An old woman imagines herself in the past, and a young girl remembers herself in the future. Time doesn’t move forward; it’s more like the crisscrossing branches of a tree’s reflection in the water. I apologize if I’m less inclined to write a review than make well-intentioned, botched attempts at poetry after experiencing a show like Me Talking to Myself in the Future.
Words are torn up and thrown into the wind to glimpse and interpret. The power behind the words expressed in Marie Brassard’s new show at Buddies is best experienced by letting one’s self get lost in them, because while there’s a story, the show is mostly non-narrative. Me Talking to Myself in the Future is something between an otherworldly rock concert and a spoken-word performance, with a heavy helping of abstract visual aesthetics.
I was thrilled to have the chance to stay for a candid audience discussion after the show with Brassard and her incredible music and sound artists, Jonathan Parant and Alexandre St-Onge. Brassard explained that she wanted to write a show for the child she used to be, a more surreal performance where things are not explained, but felt.
The story escapes even Brassard, in a way; when asked if she could explain the characters involved, she coyly evades the question as best she can. She is certainly the central character, slipping forward and backward in time, through truths and fiction, childish mind games and ancient remembrances that become motifs tied together through sound.
One of the early images she describes in the show is of children playing monsters, zombies and creepy games with one another. I was reminded of a favourite Maurice Sendak quote, “Childhood is cannibals and psychotics vomiting in your mouth,” which stayed with me through the piece. Somehow, despite images of blood and death, Me Talking to Myself in the Future didn’t strike me as particularly dark, because Brassard evokes just as much playfulness and creation.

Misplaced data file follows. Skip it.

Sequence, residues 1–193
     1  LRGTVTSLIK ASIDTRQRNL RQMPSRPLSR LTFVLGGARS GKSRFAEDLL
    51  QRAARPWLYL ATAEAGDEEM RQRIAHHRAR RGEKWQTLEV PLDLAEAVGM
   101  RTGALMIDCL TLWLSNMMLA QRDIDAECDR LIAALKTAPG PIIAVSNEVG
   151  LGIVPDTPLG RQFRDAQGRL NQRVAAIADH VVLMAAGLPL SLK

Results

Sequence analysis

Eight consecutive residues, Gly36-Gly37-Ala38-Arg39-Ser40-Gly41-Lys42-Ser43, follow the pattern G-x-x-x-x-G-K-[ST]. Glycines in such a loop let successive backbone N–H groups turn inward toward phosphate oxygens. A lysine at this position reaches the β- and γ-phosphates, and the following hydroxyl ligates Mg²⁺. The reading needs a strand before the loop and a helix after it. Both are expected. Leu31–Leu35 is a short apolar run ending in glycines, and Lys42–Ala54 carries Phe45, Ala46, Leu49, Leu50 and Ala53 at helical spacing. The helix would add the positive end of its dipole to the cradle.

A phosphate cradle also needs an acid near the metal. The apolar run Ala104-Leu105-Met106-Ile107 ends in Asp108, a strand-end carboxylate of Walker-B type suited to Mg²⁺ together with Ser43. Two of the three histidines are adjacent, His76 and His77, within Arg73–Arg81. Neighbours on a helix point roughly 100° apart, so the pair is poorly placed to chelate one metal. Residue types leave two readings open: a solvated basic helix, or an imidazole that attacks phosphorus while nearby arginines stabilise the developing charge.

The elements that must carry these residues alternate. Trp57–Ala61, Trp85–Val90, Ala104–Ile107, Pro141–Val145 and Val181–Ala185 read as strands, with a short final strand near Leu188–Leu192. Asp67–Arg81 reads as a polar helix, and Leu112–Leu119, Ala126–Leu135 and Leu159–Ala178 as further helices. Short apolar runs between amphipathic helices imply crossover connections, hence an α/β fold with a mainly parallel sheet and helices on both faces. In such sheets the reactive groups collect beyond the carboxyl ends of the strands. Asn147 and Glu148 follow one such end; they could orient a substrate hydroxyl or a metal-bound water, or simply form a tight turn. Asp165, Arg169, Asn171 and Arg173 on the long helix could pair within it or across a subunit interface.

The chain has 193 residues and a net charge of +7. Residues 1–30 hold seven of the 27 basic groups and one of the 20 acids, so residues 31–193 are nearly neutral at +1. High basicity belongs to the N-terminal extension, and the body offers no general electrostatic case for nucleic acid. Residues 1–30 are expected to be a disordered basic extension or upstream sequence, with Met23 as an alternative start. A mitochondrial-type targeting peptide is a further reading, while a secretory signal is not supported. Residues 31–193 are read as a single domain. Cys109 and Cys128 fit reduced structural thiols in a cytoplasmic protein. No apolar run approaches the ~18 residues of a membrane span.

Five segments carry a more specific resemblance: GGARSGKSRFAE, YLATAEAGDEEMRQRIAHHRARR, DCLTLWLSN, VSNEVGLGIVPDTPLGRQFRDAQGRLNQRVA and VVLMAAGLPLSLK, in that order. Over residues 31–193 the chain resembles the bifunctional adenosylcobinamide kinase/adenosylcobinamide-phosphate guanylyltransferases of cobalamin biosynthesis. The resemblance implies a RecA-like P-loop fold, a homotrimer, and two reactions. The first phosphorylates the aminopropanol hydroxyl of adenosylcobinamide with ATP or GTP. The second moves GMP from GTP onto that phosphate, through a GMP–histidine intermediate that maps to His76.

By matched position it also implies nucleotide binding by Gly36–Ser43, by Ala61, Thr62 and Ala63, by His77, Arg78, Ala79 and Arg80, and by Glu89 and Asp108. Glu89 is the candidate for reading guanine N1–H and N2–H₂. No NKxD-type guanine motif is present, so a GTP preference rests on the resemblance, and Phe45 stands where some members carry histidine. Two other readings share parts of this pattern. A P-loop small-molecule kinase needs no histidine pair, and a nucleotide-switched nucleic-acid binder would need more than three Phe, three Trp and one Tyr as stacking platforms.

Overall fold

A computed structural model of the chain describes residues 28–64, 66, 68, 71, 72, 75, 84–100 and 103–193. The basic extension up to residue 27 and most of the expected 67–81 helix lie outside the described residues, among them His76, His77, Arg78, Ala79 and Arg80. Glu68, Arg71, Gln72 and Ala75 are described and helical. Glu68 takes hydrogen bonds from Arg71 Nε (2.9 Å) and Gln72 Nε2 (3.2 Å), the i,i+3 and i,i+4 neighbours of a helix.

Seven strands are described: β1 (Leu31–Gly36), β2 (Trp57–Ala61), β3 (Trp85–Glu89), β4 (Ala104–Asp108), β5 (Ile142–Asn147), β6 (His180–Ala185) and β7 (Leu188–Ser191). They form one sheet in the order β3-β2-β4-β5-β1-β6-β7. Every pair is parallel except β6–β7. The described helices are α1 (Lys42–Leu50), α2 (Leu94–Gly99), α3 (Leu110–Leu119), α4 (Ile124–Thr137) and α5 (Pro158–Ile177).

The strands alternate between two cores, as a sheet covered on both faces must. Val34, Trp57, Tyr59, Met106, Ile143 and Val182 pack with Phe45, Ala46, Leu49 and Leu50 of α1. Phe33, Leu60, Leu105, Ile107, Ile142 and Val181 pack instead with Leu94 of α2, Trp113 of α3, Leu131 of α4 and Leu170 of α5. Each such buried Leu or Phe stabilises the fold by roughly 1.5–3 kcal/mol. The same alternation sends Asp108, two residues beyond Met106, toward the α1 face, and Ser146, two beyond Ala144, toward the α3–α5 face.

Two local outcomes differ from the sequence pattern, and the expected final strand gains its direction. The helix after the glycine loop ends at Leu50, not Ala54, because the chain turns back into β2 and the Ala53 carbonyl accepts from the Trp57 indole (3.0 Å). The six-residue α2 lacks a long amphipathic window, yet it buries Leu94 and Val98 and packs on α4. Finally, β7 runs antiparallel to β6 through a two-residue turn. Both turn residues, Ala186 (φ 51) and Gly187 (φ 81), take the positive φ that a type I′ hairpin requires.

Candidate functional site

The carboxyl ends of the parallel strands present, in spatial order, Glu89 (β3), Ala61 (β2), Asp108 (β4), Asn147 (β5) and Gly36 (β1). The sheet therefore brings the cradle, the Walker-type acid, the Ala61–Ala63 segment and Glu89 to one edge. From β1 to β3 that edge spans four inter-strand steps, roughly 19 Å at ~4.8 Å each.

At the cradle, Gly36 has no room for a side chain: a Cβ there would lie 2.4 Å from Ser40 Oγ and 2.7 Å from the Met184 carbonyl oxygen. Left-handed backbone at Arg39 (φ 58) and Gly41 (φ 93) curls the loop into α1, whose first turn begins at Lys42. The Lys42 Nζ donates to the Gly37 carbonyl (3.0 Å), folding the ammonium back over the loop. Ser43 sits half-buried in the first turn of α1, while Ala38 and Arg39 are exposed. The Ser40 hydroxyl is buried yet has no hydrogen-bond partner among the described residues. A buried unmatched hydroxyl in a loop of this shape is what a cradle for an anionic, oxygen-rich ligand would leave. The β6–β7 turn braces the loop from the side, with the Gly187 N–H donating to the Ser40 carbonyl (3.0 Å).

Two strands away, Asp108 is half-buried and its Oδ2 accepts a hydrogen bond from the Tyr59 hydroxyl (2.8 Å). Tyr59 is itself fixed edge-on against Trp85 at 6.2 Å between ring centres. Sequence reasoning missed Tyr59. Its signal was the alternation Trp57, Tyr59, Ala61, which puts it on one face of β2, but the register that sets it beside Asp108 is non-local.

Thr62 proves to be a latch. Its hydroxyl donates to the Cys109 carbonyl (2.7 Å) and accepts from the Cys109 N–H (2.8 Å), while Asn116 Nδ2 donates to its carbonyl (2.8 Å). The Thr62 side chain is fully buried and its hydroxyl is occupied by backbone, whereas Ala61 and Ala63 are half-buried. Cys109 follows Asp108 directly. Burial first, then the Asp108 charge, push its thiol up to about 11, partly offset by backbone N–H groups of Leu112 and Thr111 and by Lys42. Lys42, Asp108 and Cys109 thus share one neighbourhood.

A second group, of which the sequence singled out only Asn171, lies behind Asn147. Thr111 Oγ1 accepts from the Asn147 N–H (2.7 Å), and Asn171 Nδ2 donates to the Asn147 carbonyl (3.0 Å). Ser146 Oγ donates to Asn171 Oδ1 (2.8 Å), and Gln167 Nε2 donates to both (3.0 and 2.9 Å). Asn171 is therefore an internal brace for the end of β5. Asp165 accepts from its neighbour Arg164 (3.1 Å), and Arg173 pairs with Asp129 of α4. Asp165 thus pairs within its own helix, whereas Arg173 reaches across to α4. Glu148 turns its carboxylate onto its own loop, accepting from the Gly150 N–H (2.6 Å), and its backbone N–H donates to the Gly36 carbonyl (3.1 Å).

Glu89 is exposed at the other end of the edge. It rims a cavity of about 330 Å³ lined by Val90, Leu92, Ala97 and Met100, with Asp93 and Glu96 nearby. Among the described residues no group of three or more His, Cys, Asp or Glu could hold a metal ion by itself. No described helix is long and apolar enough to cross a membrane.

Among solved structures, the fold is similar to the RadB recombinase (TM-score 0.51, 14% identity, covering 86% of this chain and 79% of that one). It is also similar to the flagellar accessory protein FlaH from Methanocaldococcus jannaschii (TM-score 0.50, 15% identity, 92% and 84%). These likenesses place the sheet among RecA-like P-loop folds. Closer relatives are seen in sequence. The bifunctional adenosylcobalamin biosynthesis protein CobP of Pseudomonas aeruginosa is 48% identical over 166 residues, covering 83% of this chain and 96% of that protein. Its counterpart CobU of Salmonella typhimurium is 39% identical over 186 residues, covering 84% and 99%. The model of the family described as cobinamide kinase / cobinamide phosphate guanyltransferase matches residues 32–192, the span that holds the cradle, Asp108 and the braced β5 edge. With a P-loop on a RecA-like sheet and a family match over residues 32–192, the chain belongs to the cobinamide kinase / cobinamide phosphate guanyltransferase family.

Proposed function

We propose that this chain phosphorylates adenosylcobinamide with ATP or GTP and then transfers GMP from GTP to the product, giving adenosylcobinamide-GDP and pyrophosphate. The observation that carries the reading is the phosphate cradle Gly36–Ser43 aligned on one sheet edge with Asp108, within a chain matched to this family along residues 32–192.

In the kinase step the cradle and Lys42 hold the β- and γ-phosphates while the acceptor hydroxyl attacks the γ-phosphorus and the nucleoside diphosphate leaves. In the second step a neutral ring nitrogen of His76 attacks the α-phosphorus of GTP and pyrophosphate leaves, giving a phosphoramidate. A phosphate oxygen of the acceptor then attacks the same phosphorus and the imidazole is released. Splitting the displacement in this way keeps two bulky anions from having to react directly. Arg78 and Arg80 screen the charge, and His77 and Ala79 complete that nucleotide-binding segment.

The most impressive thing about the show technically is its sound design. For one, Brassard’s the master of voice manipulation and transformation. She credits this to hardware, what she calls “old machines,” which she prefers to more contemporary digital programs that don’t do what she wants. She is able to control “infinite parameters” to switch, at an instant, between characters that range from a child to an old woman to M0rpheus, the god of dreams. Similarly, the soundscapes created by Parant and St-Onge are hypnotizing to watch because they are with Brassard onstage, creating the sounds with instruments and digital technology in full view of the audience.
The abstract quality of the work may leave those who prefer a more straightforward, beginning-middle-and-end story feeling lost, but in this case I don’t think that’s a bad thing. I was lost, at times, but I let myself be. I just allowed myself to float, wondering what kind of stories I’m going to want to tell my past self in the future.